4. Vukuphile
The Department of Public Works has initiated this programme to build capacity among emerging contractors to execute labour intensive work funded by the EPWP. The intention is to train these learner contractors so that they become fully qualified to tender for, and execute, EPWP projects.

Provincial Programmes

5. Incentive Grant for Provincial Infrastructure
This grant is a performance based incentive paid to provincial bodies implementing their infrastructure and environment and culture programmes using EPWP principles and in accordance with EPWP guidelines. It meets the cost of minimum wages for work created. The intention of the grant is to increase work creation efforts by public bodies by providing a financial performance reward. 
6. Incentive Grant for Social Sector
This grant is an allocation provided to provincial departments implementing social sector EPWP programmes to expand these programmes in accordance with an approved business plan. The intention of the grant is to provide funding to performing programmes to expand the coverage and reach of the social sector programmes and simultaneously expand the number of longer term work opportunities created to support these services.

Municipal Programme(s)

7. Incentive Grant for Municipal Infrastructure
This grant operates under similar terms as the Incentive Grant for Provincial Infrastructure except it focuses on municipalities. 
Separate from the EPWP are numerous other initiatives aimed at reducing unemployment. Three deserve particular attention:

1. The Jobs Fund
The objective of the Jobs Fund is to co-finance projects by public, private and non-governmental organisations that will significantly contribute to job creation. This involves the use of public money to catalyse innovation and investment on behalf of a range of economic stakeholders in activities that contribute directly to enhanced employment creation in South Africa.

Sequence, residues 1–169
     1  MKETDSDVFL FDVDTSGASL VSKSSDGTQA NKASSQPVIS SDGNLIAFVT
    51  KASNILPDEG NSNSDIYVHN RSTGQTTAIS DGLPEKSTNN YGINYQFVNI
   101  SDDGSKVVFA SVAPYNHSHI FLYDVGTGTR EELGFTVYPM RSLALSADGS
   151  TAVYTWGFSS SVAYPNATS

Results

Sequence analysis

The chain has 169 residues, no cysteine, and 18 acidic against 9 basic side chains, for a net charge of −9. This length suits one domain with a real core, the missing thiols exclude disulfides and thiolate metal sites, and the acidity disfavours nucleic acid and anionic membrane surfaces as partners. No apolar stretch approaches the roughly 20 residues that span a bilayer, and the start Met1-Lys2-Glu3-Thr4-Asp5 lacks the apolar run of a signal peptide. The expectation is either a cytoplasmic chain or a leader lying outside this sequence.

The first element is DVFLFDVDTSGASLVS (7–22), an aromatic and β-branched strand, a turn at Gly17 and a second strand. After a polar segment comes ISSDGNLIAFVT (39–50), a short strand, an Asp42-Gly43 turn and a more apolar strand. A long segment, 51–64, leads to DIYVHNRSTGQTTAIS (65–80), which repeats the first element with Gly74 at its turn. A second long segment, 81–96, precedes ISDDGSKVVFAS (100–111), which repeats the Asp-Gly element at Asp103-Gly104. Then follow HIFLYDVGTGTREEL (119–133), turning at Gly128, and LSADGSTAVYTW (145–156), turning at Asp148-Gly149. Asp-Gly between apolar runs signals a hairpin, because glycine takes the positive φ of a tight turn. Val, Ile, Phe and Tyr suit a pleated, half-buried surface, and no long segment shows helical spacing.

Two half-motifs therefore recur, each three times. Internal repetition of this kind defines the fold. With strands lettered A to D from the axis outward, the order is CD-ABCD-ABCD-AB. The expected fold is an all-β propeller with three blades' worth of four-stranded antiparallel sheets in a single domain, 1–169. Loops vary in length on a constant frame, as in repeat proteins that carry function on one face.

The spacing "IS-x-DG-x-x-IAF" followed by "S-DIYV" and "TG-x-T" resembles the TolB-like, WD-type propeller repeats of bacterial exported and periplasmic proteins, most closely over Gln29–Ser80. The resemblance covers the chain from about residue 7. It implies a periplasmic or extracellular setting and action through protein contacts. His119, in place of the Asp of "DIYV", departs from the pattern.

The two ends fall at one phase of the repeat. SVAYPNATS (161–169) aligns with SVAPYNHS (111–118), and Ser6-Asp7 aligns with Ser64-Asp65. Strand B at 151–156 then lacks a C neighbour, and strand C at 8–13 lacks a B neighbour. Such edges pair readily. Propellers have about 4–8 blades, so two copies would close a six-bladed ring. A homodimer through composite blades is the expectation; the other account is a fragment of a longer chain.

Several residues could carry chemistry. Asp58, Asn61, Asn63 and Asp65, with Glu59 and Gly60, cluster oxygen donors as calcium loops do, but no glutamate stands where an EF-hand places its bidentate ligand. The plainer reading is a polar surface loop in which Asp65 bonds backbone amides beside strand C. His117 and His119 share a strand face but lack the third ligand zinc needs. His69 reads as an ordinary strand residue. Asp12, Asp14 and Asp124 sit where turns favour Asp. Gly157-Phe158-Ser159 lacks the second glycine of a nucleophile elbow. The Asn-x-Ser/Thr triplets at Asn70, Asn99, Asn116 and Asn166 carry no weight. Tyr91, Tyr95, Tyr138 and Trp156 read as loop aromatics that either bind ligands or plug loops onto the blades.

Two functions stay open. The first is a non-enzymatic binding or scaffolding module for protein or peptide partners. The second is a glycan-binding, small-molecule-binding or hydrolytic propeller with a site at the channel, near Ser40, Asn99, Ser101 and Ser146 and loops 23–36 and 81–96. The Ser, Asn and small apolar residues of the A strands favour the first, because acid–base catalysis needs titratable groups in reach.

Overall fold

The Jobs Fund provides public funding through four “funding windows” i.e. Enterprise Development; Infrastructure Investment; Support for Work Seekers and Institutional Capacity Building.  Within these windows, the Jobs Fund seeks to stimulate good ideas, risk-taking and investment to discover new ways of working, where the costs and risks may be unknown, and where the pro-poor impact, principally in the form of sustainable job creation, may be significantly larger than with conventional approaches.
This project is managed directly by the Treasury.

2. National Rural Youth Service Corps (NARYSEC) programme
NARYSEC's specific key objectives are:
  • To recruit unemployed youth in rural areas.
  • To train the youth through Further Education and Training programmes linked to the identified developmental community projects in rural areas.
  • To develop youth with multi-disciplinary skills through civic education.
The intention is to equip youth to perform community service in their own communities.
NARYSEC is a programme of the Department of Rural Development and Land Reform.
3. The National Youth Service (NYS)
The NYS model has three elements: learning and individual development, service and exit opportunities. 
The learning and individual development of youth service programmes requires that young people develop their own skills, knowledge and competence and that promotes individual development. This component must also enable young men and women to obtain credits registered on the National Qualifications Framework where possible.
The service element of a youth service programme has three components. It:
  • Provides a service that benefits people other than the youth participants (e.g. the community);
  • Promotes the development of a positive profile of youth within the community benefiting from the service; and
  • Provides the young participants with an opportunity for experiential learning or on-the-job experience linked to the structured learning and individual development element.
A youth service programme must include the identification of real and meaningful employment or exit opportunities for young people at the point of completion. Young people should be aware of the employment, further learning and entrepreneurial opportunities they can realistically access at the end of participating in a youth service programme.  
The NYS is run by the National Youth Development Agency. The EPWP website includes documents on the NYS.


The EPWP reflects the State’s intent to alleviate the persistent high unemployment in South Africa, by assuming the role of employer/trainer or funder of employment. It has a heterogeneous and changing structure, reaching many entities in all three tiers of government. In addition, there are closely related initiatives which share much of the same approach, but which are not formally part of the EPWP. There is energy and innovation, but monitoring and evaluation across the board – of which there is some – is essential to figure out what works and what doesn’t. 
Despite the fact that the EPWP provides only temporary work opportunities and limited training, it hopes to increase participants’ employability in the long run, by providing them with skills and work experience.  
Part II of this Brief will consider the EPWP’s track record.
Elias Phaahla